In reply to this post by Michael Jungle The standard approach is to estimate a vector autoregression involving your variables of interest and then test for Granger non-causality. See the vars package and in particular the causality() function. Eric Zivot                                 Professor and Gary Waterman Distinguished Scholar       Department of Economics                                 Adjunct Professor of Finance                             Adjunct Professor of Statistics Box 353330                  email:  [hidden email] University of Washington    phone:  206-543-6715             Seattle, WA 98195-3330 www:  http://faculty.washington.edu/ezivot                  -----Original Message----- From: [hidden email] [mailto:[hidden email]] On Behalf Of Michael Jungle Sent: Friday, February 19, 2010 2:47 PM To: [hidden email] Subject: [R-SIG-Finance] How to find lead-lag relation in two time series? Any systematic way in R of doing this? Thanks a lot! -- View this message in context: http://n4.nabble.com/How-to-find-lead-lag-relation-in-two-time-series-tp1562347p1562347.html Sent from the Rmetrics mailing list archive at Nabble.com. _______________________________________________ [hidden email] mailing list https://stat.ethz.ch/mailman/listinfo/r-sig-finance-- Subscriber-posting only. If you want to post, subscribe first. -- Also note that this is not the r-help list where general R questions should go. _______________________________________________ [hidden email] mailing list https://stat.ethz.ch/mailman/listinfo/r-sig-finance-- Subscriber-posting only. If you want to post, subscribe first. -- Also note that this is not the r-help list where general R questions should go.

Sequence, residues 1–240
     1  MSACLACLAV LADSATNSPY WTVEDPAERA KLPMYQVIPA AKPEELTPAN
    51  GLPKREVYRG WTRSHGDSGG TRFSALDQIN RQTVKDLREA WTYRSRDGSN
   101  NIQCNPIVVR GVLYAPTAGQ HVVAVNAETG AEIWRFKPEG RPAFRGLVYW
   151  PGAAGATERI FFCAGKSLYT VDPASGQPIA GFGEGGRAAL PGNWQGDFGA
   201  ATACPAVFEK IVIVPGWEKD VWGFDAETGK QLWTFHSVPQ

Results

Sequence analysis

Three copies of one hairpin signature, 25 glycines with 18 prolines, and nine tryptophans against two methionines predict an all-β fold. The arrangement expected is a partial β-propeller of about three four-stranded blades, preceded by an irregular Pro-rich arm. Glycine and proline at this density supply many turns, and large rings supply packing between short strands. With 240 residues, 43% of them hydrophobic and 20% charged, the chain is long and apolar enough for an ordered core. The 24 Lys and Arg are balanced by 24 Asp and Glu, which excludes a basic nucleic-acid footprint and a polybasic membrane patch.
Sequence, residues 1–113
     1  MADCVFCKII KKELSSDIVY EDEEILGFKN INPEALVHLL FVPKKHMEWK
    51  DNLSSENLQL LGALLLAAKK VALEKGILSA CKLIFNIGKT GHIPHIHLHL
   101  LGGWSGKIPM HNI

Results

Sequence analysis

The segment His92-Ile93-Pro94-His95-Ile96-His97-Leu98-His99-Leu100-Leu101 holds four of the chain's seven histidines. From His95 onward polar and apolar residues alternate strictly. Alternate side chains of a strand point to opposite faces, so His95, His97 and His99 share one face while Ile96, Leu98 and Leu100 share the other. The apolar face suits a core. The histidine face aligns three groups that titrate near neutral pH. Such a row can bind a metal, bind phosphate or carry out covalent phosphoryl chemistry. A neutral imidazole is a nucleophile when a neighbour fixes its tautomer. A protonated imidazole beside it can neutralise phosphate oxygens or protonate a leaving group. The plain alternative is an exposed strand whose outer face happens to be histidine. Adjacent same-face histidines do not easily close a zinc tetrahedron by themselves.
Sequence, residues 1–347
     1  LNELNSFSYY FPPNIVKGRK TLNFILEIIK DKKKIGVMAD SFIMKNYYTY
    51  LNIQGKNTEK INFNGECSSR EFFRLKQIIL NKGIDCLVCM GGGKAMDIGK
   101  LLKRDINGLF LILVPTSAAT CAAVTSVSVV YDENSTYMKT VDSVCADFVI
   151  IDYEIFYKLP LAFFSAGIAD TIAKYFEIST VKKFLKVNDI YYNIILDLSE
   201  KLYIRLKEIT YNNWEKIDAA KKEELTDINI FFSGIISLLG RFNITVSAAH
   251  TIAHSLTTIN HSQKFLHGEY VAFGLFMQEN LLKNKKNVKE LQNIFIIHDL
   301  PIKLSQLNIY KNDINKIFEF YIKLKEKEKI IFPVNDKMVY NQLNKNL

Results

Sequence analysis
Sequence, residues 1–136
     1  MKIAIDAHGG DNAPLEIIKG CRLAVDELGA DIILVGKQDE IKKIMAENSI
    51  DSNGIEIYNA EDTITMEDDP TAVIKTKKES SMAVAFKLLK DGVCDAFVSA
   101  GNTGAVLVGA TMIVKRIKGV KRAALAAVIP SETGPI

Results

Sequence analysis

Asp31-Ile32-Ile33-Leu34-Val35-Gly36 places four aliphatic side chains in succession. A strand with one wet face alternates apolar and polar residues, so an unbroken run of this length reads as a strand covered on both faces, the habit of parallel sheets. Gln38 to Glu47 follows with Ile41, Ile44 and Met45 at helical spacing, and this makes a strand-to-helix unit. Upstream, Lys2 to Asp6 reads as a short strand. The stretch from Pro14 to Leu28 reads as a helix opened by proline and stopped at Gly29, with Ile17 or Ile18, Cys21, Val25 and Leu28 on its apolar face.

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Re: How to find lead-lag relation in two time series?